While we were walking through the shrine, it was hard to miss the big plumes of smoke rising to the east accompanied by loud chanting. As we left the shrine, we saw a large group of people, but couldn't really see much. There were several men stoking a big fire, but it was hard to figure out who was chanting, let alone where the drumming was coming from.
Looking at the time, we figured we would be able to take a look at Daisho-in Temple. It took us about as long to weave through the crowds around the chanters as it did to actually get to the temple.
Daisho-in Temple is built on a hill and has many different shrines. It's probably one of the most diverse temples or shrines we've seen so far, and the whole temple had a lot of character. Many staircases had wheels you could spin. One temple had 1,000 images (statues) of Fudo myo-o (Immovable King), commemorating the succession of the current head priest. The Henjyokutsu Cave is just that, lit by lanterns hanging from the ceiling. Several statues had knit caps on them.
We walked to Maniden Hall, hoping to get a view. As we neared, we heard a man praying by chanting and beating a drum. Sitting in the room to listen for a while, it occurred to us that he was an excellent drummer, with great rhythm and having the ability to easily change the speed when necessary. When he rung a large bell, he also did that with great timing. Since the prayers can last a long time, we proceeded out and around the room, climbed the narrow, steep stairs, and were rewarded with a view of the temple and of the city and water beyond.
As we left the temple, we walked past a food stand in Momijidani Park which let people eat Japanese-style in the park, with a raised platform where you can sit with a small table in front of you.
Continuing back to the ferry, we walked through the arcade we had previously bypassed. Lots of shops selling momiji manju cakes (an or other filling in a cake, similar in concept to the taiyaki I had in Tokyo) and oysters (we passed some oyster farming rafts on the ferry), plus rice paddles. At one store there was a horde of people packed around the entrance, their phones and cameras out. We were wondering what was going on, then we saw a camera crew start to back out, and two tall men walked out. We weren't sure who they were (could have been sports stars, maybe ones who played in Japan) but everyone else seemed really excited.
After all of that died down, we worked our way past the rest of the stores and hopped onto a ferry back to…well, not the mainland, since Japan is a group of islands…the mainisland? It was late enough that we could check in at the hostel, which we did. The people at the front desk were very cheery and bubbly. They had us watch a video showing the features and rules of the hostel, and it was also cherry and bubbly.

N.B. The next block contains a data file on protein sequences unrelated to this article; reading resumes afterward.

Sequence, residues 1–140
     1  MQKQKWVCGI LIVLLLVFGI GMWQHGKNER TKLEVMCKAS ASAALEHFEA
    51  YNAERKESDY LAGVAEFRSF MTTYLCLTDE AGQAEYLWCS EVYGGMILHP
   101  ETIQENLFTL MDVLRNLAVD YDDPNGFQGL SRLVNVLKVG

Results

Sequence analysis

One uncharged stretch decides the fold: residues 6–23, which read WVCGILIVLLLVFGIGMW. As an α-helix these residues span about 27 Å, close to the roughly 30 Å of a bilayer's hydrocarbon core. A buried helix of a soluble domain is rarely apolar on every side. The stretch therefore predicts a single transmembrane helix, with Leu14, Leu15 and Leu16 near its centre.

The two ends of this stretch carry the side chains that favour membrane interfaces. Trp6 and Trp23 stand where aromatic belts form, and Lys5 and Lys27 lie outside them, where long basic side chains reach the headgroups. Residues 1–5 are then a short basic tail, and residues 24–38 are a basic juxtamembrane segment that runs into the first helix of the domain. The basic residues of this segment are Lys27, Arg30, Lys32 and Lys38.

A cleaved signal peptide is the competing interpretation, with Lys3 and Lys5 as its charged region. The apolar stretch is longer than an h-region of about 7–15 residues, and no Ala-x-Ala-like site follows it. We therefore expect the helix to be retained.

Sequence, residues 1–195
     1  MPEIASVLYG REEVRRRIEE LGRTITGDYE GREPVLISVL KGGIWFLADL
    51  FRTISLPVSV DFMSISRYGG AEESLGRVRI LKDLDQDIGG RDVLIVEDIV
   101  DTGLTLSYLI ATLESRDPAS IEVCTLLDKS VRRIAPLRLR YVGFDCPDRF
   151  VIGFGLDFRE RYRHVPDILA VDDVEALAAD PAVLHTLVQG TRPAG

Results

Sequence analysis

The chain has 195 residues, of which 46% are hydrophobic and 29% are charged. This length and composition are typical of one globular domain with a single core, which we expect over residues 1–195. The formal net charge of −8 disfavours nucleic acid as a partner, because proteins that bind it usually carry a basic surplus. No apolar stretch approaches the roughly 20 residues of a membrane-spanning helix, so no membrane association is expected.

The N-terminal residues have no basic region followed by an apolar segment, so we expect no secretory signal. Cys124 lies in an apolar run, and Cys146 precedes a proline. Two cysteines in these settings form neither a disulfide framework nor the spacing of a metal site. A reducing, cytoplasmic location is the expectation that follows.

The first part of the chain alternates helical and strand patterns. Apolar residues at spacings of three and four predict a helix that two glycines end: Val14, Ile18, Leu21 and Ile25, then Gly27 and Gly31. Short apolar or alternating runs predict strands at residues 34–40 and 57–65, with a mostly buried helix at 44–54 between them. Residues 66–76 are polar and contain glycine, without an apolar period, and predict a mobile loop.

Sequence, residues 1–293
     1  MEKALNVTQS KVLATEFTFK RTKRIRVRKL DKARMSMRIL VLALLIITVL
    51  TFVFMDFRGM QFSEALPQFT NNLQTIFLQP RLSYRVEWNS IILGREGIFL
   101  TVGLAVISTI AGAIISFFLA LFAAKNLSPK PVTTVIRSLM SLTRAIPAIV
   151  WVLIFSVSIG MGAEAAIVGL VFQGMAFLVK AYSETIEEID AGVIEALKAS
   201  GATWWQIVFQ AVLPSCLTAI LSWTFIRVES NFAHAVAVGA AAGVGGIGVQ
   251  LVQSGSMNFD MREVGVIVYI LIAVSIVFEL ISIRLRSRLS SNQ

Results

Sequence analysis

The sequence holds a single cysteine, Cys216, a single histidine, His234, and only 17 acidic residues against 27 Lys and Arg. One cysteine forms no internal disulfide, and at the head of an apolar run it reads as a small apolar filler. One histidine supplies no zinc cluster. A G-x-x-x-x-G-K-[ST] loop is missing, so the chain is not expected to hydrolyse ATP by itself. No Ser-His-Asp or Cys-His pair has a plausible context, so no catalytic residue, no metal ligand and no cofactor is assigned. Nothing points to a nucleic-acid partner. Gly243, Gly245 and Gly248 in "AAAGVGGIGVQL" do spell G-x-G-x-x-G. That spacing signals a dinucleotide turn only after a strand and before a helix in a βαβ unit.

We weren't able to book a place that had a private room, so it was going to be a dorm area for us for a couple nights. They do have lockers, and we were able to get beds near each other without anyone on the bunks above us, so it worked out well.
There's a view on the roof of the hostel, so we went up and were indeed able to see the floating torii, but it was pretty far. The hostel has a pair of binoculars you can borrow.
It was time to find a grocery store. Looking at the map, we saw a couple convenience stores and a supermarket. Figuring the latter would have better selection, we started out. At one point we needed to cross the train tracks, but once we were about to step onto the first rail, the signal sounded, so we quickly drew back as the gates came down (the gates go completely across the roadway). There was a train pulling into the station, so we waited until it unloaded and loaded passengers, then started up and went past us before we could cross.
We made it to the supermarket, which was larger than the store we went to in Hakone, but quite a bit smaller than the stores in Tokyo or Kyoto. All a matter of relative scale. We found some things for dinner and breakfast, then started back to the hostel to eat.
As we headed out of the store, we heard the train crossing signal and saw the train go by. The gates were going up as we were approaching them, and almost immediately went back down. Another train pulling into the station, so once again, we waited until passengers were done boarding, then the train went by and we could cross again.
Since we had such a large lunch, the items we chose for dinner were pretty small. We didn't pick up dessert, but on the hostel map, there was a place saying you could get galettes, so we went out again to check the place out. It was near the train tracks, but not across them; good thing, since the gates went down as we neared that intersection.
Into the café we went, and we realized that all the galettes were savory. They did, however, have crêpes, so we ordered a couple. They were made of buckwheat, and one had maple syrup and wafer pieces on it, the other caramel and almonds. Each had a small scoop of ice cream. Really good.
As we exited the café, we once again heard the crossing signal, as we would a few times that night.